An Introduction to Plugging for Strippers

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This article will be an introduction to plugging for striped bass.  My goal is that this article is to give you more knowledge and help you become a better fisherman.  I will cover the necessary gear, lures, tides, and areas to cover when casting lures for striped bass.

If you are considering to start plugging for stripers the gear that you choose is very important.  I believe that the reel that you choose is most important.  Plugging for stripers requires that you make hundreds of casts a day.  The reel has to be able to perform otherwise it will be a very frustrating day.  My preference is a Quantum Smoke HD.  This reel has great line capacity, a smooth drag can cast a mile, and it is very durable.  

The line that you choose to put on the Quantum Smoke HD is also very important.  I always have 30-50lb FINS XS Braid or 40G  spooled up on my reels.  In most cases, I use an Alberto Knot to join the braid to a 2-3ft foot GAMMA fluorocarbon leader.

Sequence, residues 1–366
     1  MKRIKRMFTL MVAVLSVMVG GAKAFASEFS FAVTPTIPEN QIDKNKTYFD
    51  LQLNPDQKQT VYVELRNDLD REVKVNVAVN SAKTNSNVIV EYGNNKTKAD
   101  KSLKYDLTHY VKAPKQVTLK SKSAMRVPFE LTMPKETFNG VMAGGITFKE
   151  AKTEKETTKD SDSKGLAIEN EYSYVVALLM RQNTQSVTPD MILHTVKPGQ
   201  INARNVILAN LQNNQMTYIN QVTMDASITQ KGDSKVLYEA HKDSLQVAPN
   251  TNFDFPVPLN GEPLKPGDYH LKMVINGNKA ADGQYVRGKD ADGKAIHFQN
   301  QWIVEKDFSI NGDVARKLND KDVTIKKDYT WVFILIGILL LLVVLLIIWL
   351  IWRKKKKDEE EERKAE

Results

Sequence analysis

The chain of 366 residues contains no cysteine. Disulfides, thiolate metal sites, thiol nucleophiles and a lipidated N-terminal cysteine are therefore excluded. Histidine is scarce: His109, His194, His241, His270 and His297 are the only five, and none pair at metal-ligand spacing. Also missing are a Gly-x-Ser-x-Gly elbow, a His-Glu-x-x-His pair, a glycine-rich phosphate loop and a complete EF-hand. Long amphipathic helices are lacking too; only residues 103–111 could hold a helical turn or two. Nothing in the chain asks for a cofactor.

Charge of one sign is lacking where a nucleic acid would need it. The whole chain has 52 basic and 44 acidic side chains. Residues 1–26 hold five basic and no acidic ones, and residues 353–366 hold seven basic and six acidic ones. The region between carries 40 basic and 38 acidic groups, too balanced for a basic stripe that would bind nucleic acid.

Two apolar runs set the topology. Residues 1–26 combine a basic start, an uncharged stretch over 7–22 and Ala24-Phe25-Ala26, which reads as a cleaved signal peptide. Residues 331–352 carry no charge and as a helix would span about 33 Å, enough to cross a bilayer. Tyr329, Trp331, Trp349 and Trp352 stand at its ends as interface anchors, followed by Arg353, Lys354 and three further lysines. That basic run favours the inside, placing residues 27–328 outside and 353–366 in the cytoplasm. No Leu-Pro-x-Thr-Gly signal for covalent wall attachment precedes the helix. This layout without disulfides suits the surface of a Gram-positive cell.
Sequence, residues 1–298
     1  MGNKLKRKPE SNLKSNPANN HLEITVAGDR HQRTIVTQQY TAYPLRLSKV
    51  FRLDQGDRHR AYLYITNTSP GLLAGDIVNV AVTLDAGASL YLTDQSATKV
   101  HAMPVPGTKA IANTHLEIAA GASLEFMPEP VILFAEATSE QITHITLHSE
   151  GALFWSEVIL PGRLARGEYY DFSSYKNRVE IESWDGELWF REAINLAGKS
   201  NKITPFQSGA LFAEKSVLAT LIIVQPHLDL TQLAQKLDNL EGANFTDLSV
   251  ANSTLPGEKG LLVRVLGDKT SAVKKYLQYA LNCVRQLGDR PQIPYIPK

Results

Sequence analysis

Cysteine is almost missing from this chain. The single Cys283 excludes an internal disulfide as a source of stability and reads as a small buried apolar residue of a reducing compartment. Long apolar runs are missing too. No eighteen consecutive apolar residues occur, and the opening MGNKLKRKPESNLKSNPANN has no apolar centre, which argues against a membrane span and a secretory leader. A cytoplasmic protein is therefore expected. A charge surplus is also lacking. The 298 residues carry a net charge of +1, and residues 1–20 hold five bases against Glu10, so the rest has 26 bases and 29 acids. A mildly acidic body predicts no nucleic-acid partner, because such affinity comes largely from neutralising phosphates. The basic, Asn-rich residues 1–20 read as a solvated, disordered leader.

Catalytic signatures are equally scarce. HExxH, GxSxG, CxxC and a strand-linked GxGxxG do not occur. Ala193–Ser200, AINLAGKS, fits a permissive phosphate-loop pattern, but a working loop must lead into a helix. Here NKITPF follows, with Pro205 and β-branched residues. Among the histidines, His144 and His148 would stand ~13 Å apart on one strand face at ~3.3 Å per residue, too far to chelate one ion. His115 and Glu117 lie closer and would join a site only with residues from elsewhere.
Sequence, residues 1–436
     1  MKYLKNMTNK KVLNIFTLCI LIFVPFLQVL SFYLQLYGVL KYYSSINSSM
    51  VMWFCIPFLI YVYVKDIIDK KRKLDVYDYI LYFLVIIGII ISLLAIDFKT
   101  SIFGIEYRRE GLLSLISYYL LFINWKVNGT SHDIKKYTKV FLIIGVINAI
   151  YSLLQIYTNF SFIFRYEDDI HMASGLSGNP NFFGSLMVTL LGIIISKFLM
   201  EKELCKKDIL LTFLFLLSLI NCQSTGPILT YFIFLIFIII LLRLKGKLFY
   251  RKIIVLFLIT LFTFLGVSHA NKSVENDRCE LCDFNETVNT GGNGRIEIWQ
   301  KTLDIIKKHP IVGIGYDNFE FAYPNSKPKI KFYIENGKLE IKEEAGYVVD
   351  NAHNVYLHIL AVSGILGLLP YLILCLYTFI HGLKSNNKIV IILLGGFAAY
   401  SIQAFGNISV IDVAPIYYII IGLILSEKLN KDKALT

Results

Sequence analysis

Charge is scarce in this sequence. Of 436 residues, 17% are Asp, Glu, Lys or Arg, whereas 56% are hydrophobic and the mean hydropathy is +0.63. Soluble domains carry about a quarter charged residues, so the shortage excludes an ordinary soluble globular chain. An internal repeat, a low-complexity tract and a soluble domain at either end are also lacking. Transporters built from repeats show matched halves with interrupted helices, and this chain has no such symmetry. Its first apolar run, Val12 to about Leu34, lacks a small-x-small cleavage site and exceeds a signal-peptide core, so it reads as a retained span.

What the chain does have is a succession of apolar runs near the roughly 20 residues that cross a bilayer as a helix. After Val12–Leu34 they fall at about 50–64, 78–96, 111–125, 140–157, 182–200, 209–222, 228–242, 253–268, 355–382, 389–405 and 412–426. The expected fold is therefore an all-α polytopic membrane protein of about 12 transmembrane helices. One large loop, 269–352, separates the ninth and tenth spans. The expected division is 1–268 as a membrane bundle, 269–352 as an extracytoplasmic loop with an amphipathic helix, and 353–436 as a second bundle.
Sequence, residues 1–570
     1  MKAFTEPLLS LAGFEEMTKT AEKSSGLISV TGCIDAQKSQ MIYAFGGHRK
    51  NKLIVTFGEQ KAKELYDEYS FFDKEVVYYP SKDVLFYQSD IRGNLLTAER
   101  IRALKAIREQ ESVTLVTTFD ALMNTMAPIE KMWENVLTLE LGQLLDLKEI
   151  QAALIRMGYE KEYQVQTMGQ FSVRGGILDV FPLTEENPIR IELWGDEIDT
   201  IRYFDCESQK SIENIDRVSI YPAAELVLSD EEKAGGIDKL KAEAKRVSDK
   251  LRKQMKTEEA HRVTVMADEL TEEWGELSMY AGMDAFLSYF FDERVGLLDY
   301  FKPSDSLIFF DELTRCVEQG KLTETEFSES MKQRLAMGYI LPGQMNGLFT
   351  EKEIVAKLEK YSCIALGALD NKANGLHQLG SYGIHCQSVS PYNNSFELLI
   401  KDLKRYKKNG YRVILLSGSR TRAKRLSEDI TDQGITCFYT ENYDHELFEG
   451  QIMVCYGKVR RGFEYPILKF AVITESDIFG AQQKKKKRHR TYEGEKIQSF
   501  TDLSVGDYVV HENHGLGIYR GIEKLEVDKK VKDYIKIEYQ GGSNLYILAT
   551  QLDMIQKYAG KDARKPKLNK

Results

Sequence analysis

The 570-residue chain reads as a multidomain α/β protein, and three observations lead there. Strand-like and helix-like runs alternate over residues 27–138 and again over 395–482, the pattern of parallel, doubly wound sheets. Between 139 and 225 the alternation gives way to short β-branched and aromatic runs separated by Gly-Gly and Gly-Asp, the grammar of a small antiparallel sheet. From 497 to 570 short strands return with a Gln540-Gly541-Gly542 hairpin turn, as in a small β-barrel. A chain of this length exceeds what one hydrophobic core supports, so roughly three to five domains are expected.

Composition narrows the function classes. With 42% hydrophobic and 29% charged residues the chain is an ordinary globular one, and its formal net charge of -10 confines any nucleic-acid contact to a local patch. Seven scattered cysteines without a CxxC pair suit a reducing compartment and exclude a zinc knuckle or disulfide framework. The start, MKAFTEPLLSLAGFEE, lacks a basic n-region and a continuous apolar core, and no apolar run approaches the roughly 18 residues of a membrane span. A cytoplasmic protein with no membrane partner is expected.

Choosing one rod is impossible when you are plugging for stripers.  In my opinion, fishing rods are like golf clubs.  There is one rod for a very specific purpose.  If you become a serious striper plugger you will find that over time you will have a rod for every technique. 

For many years, I did get by with one multi-purpose rod.  That rod was a Phenix Ultra MBX 7’7” with an 8-17lb line rating.  It is light, strong, and can be used when fishing a variety of lures.

Now here is the fun part.  You can catch stripers while casting a variety of lures.  However, there is a time and place for each of them so the key is to know when and where you need to throw them.  Here are the five different style lures that you will need.

My favorite baits to thow first thing in the morning or in low light condition are definitely topwater baits. These baits often produce quality and quantity of fish.  I warn you that this style of fishing is very addicting.  Watching a big striper blow up on the topwater bait is indescribable and is by far my most favorite way to catch striped bass.  Learn to “walk the dog” at various speeds and Hold On!